Working Better As a Team
Working Better as a Team
For years, there has been a shift towards employees working at times and in places that allow them to work most effectively. Recently, organizations that had not yet begun that shift experienced more of a struggle but managed to make it work. The COVID-19 closures created even more of a challenge with some working from home for the first time without the proper tools, team training, or environment along with the heroic task of fulltime childcare.
It is widely believed and likely that remote work will take a much bigger role in our futures. Finding ways to make it work when you have to may lead to a better way to operate as the pandemic dust settles. But most importantly, exploring new ideas of how to work together effectively regardless of the work environment will create stronger organizations.
Harvard Business Review: three kinds of distance in remote collaboration: physical (place and time), operational (team size, bandwidth, and skill levels), and affinity (values, trust, and interdependency). The best way, they say to drive team performance is by reducing affinity distance.
Here are a couple of highly effective tactics you can implement today.
Create clear agendas: Set meetings with clear purposes and clear timeframes. Someone should be leading the conversation and ensuring that the group stays on topic. If important concerns off-topic are brought to light, acknowledging and saving for another discussion is best.
Prepare participants ahead of time: If there is information needed ahead of time, provide it. Make the most out of time together by only discussing the things that need to be discussed TOGETHER. Work done alone can be requested to be done before the meeting or assigned afterward with a deadline.
Set rules of engagement: What challenges do you commonly have with team members and in doing work together? Do some people lack buy-in of the ideas because the “group” decided and they don’t feel ownership? Ask everyone to commit and provide input because the decision is theirs to own. Consider setting your own group norm agreement. Ask me how.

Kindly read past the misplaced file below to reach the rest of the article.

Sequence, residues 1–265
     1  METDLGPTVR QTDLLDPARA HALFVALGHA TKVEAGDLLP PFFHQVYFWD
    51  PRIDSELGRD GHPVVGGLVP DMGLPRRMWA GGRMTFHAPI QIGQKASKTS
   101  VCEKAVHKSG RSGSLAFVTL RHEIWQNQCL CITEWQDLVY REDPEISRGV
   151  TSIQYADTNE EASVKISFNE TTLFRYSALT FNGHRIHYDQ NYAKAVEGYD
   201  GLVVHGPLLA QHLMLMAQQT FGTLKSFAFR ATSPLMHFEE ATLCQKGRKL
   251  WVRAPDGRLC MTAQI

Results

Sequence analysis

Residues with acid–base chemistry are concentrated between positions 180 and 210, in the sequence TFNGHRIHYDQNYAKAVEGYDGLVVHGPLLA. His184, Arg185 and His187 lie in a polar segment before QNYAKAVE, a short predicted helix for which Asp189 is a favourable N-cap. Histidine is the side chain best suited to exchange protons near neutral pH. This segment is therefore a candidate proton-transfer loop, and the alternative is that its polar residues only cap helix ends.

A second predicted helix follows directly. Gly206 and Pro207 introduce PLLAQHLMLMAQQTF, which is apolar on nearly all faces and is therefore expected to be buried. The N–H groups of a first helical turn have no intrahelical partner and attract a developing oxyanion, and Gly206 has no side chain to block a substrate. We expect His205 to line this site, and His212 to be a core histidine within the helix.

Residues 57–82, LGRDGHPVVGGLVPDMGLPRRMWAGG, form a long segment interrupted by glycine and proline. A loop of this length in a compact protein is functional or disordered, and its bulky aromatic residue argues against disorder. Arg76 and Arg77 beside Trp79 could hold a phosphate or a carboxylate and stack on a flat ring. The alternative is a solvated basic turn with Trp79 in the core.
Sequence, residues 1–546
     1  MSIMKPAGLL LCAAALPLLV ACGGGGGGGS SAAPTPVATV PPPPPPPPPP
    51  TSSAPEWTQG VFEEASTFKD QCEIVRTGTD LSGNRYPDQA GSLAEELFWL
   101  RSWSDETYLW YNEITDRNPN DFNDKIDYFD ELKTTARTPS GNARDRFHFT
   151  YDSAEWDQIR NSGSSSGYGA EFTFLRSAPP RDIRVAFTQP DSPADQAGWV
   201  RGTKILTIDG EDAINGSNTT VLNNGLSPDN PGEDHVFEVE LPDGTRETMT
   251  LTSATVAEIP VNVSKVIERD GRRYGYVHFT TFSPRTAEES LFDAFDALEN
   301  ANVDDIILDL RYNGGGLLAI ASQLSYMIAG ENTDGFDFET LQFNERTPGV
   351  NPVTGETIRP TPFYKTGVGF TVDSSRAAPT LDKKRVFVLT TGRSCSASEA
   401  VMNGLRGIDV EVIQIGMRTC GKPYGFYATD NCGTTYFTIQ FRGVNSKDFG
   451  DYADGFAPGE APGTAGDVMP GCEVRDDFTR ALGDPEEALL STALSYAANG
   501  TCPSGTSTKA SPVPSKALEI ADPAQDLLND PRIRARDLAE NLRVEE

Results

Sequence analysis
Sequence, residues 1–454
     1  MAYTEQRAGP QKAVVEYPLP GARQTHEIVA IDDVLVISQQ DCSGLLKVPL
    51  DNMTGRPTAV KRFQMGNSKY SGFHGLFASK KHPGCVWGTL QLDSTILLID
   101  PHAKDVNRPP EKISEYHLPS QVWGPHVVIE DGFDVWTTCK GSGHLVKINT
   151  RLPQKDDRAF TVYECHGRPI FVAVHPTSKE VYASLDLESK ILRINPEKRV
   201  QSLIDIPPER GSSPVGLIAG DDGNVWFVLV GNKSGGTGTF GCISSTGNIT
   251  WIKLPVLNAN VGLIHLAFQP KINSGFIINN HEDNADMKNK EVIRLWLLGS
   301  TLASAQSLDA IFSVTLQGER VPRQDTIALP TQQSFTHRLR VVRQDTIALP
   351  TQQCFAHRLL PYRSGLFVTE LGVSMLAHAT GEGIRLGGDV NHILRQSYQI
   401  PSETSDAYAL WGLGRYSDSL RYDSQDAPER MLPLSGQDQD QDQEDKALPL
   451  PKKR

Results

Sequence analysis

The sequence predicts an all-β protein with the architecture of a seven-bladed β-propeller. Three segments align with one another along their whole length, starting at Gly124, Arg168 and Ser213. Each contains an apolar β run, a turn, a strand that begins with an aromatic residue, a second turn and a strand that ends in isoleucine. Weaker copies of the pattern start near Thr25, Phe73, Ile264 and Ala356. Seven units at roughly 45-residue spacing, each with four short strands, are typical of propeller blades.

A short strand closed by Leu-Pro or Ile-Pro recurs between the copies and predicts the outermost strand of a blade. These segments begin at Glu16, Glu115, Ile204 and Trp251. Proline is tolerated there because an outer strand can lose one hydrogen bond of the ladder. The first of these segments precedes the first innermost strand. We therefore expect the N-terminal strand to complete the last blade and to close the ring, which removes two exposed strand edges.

Ask for participation: If someone doesn’t participate is their attendance necessary? Do some people only pay attention when they are being spoken to? Let’s be honest, it’s easy not to pay attention when we can get by without it. Require video or ask frequent questions to get everyone’s input. If they know it is coming they may have more reason to be ready. And if this is a common theme, what could be done outside of meetings to respect everyone’s time?
Provide a summary: Recap action items or clear decisions from the meeting. As the leader of a meeting, by doing a quick recap of what was decided or who needs to do what by when you not only bring closure to the topic but also provide a sense of accomplishment. This also ensures that the time spent doesn’t go to waste with unfulfilled action items. Many times, busy people go from one meeting to the next. So, if follow ups are not loaded into our work schedules it is very easy to move on to the next to-do list item and forget the new one.
Over-communicate: Don’t let people guess what you’re asking or telling them. Take the time to properly communicate. Refrain from shorthand and abbreviations.
Set clear priorities for yourself every week: Everyone has their own priorities and may need to vie for each other’s time. How do you decide when to do what, when to say no, and when to drop what you’re doing to support someone else? This starts with an understanding of the big objective of your organization, how your accountabilities fit in, and what your top weekly tasks to get that done may look like. If you can only get one thing done every day, what is going to move the dial the most?
Set aside time for priorities: For many busy people, not having enough time is a top excuse. If you’re setting aside the time for your important things they will get done. Once you know what the important things are to do, what is the best way to make ensure you get them done? Some people like to “swallow the frog” and get the most important things done first. For others, time blocking helps.
Take time to ask genuine personal questions: When you’re busy, it’s easy to jump right into the task on hand. Learning and sharing personal stories create a quick break in the workday and helps team members to understand each others mindset and even perspective.
Do what you say you’re going to do. Period.
Set expectations: if people know you use time blocking and look at your emails only twice per day, they may find better ways to reach you with urgent questions. They may better assess what the meaning of urgent is if they have to call. They may even pick up on some of your time management techniques by following them as well! Establish a way to get in touch if a response is needed within a certain time-frame that you will stick to.
With my efforts to work more effectively over the years, I have magically been able to get more done with little effort. ????!!!!!!
Oh, wait…it isn’t magic and I’m still putting in the effort. What has changed?
- I know what my priorities are so I get them done first. The things I don’t get done, get added to the next list and if they never become a priority, they are removed.
- Everyone sees my progress and wants to be just as successful. They want to know all the tricks and try for themselves.
- I track what gets done and what doesn’t. Nothing falls is forgotten – because I don’t actually have to remember it when it’s on a list.
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